The diplomats therefore instructed Rabin “to tell the Americans that there are unique aspects to the status of the territories and to our status in the territories. Before the Six-Day War, the Gaza Strip wasn’t Egyptian territory, and the West Bank, too, was territory that had been occupied and annexed by Jordan without international recognition. Given this ambiguous, indeterminate territorial situation, the question of the convention’s applicability is complex and unclear prior to a peace agreement that includes setting secure and recognized borders.”

The cable added that there is “no point in debating publicly” with the Americans. “We recommend that you don’t get into any discussion or argument over the aforementioned issues, but merely record their response and leave the clarification to the embassy, without a circular and without the participation of UN members,” it said.

Another document, classified as secret, was sent by Comay to the Foreign Ministry’s deputy director general several months previously, on June 22, 1967, less than two weeks after the Six-Day War ended. In it, he advised that the ministry not use the word “occupation,” so as to avoid committing to allow the Red Cross free access to the West Bank’s civilian population.

“In light of the fact that the international Red Cross is trying to assert rights with regard to the civilian population, in accordance with the Geneva Conventions ... it’s necessary to be careful about the use of certain phrases noted in the convention; I’m referring primarily to the phrases ‘occupied territories’ and ‘occupying power,’” Comay wrote. “Our UN delegation and our legations must know that here, we’re avoiding discussions with representatives of the international Red Cross about the status of the territories.”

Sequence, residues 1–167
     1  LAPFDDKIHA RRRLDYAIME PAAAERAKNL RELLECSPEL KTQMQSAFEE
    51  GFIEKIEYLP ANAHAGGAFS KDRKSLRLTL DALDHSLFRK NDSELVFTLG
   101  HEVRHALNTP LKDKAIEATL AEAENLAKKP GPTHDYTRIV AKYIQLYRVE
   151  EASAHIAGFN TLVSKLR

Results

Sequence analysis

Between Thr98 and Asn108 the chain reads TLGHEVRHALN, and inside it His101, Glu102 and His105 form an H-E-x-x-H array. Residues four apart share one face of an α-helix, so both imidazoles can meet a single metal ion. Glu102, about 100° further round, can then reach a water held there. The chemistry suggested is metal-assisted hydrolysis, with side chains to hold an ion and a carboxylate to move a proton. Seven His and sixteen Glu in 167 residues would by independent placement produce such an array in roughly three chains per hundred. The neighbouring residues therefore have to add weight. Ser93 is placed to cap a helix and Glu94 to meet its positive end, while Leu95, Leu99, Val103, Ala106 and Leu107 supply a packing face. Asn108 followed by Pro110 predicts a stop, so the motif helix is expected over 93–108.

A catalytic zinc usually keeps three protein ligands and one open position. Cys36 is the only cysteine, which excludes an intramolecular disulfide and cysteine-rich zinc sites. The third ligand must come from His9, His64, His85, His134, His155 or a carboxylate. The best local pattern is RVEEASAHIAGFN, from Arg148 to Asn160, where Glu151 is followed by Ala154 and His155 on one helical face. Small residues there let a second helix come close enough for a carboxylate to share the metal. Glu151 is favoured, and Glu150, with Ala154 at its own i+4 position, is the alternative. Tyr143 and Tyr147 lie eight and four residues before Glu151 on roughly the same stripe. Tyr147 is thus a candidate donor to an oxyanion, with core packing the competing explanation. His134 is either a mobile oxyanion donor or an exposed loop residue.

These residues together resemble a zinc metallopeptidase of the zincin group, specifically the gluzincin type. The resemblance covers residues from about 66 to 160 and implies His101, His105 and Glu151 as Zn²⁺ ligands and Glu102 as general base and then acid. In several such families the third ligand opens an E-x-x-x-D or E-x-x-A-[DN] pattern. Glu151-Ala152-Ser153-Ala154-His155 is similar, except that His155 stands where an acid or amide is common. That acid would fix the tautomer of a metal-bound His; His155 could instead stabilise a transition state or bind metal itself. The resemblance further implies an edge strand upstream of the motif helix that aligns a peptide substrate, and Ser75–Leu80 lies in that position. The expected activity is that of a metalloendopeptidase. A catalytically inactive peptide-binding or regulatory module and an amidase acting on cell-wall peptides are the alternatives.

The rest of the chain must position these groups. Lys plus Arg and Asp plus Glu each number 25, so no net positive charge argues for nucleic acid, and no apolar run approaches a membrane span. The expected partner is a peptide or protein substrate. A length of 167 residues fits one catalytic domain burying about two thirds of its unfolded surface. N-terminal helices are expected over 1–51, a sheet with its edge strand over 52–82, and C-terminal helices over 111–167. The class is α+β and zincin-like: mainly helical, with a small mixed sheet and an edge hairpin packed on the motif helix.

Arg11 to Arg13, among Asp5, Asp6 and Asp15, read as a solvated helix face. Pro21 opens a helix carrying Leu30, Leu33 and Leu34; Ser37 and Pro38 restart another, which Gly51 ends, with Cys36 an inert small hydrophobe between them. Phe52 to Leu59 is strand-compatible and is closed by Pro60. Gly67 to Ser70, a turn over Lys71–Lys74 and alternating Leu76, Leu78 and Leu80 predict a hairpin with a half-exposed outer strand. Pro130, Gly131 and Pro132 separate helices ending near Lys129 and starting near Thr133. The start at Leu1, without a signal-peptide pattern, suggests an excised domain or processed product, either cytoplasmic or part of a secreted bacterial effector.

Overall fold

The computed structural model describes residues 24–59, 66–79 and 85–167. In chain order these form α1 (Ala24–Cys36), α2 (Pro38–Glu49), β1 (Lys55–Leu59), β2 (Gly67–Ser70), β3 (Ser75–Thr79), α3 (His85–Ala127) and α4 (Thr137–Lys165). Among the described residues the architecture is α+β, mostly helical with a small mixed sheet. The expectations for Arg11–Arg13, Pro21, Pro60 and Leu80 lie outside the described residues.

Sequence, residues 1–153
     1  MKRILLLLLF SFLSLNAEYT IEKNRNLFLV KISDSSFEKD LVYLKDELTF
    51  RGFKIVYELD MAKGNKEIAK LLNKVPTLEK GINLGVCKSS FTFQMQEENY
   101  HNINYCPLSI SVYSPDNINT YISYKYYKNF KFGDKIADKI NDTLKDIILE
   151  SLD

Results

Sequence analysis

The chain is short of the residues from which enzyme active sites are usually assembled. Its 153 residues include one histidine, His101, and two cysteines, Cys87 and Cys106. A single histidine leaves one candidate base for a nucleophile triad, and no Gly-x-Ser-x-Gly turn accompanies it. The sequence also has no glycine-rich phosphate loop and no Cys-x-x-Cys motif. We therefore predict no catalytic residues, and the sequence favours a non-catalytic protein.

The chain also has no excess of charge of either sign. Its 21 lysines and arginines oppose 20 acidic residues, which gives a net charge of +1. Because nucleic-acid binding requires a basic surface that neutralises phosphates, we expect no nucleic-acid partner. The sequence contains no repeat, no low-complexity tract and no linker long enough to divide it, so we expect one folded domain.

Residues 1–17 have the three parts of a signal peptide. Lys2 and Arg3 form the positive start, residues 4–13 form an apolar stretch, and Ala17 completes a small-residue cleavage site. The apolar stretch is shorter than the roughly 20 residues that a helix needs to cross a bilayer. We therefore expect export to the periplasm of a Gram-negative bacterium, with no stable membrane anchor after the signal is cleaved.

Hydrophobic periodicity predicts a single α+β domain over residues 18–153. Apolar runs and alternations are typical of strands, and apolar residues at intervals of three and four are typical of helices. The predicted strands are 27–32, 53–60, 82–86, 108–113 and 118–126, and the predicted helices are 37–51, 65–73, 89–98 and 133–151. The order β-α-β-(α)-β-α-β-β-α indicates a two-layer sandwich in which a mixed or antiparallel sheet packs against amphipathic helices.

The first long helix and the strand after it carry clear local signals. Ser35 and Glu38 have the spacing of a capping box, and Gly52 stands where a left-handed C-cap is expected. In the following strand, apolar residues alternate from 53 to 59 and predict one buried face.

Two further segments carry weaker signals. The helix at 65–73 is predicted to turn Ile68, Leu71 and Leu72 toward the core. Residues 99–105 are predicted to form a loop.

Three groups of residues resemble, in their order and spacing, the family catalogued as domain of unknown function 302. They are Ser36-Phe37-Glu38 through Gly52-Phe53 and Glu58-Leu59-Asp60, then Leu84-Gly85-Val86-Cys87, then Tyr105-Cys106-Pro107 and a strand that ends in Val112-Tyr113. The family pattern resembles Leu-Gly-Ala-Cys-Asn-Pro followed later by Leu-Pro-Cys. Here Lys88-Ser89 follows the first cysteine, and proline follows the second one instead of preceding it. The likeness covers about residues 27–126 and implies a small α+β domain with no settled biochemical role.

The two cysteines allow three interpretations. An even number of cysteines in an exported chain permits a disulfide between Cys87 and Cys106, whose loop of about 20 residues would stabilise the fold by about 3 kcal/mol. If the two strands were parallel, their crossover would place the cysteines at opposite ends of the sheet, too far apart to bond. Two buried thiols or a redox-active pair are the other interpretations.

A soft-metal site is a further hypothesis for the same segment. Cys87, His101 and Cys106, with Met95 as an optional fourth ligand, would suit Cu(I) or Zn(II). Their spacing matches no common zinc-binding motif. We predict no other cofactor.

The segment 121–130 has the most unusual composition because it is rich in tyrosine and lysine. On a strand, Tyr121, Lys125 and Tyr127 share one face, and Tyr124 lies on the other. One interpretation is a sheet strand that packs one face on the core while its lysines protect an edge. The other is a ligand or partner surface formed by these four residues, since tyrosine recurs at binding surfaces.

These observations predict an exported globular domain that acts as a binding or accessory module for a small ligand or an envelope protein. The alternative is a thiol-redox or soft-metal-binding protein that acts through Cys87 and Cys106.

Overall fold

Comay recommended replacing the phrase “occupied territories” with “territories under Israeli control” or “territories under military government.”

These documents are not merely an interesting historical record of how Israel initially related to the Geneva Conventions, nor are they merely an admission of its violation. They are also relevant to the ongoing debate today over the occupation’s legality.

“In recent years, political actors have tried to insert a claim that wasn’t serious even back in the 1970s into the discussion — that the territories aren’t actually occupied and that their residents aren’t entitled to the rights guaranteed by the Geneva Conventions,” said Lior Yavne, executive director of Akevot Institute for Israeli-Palestinian Conflict Research, a left-wing research institute that works to uncover and publicize archival material on the conflict. “The uniqueness of the cable is the rare frankness with which the authors explain the reasons for the government’s refusal to admit the convention’s applicability to the territories, which were that some of its policies in the territories simply contradict the convention’s rules, and also as a tactical step in preparation for a future diplomatic agreement,” Yavne said.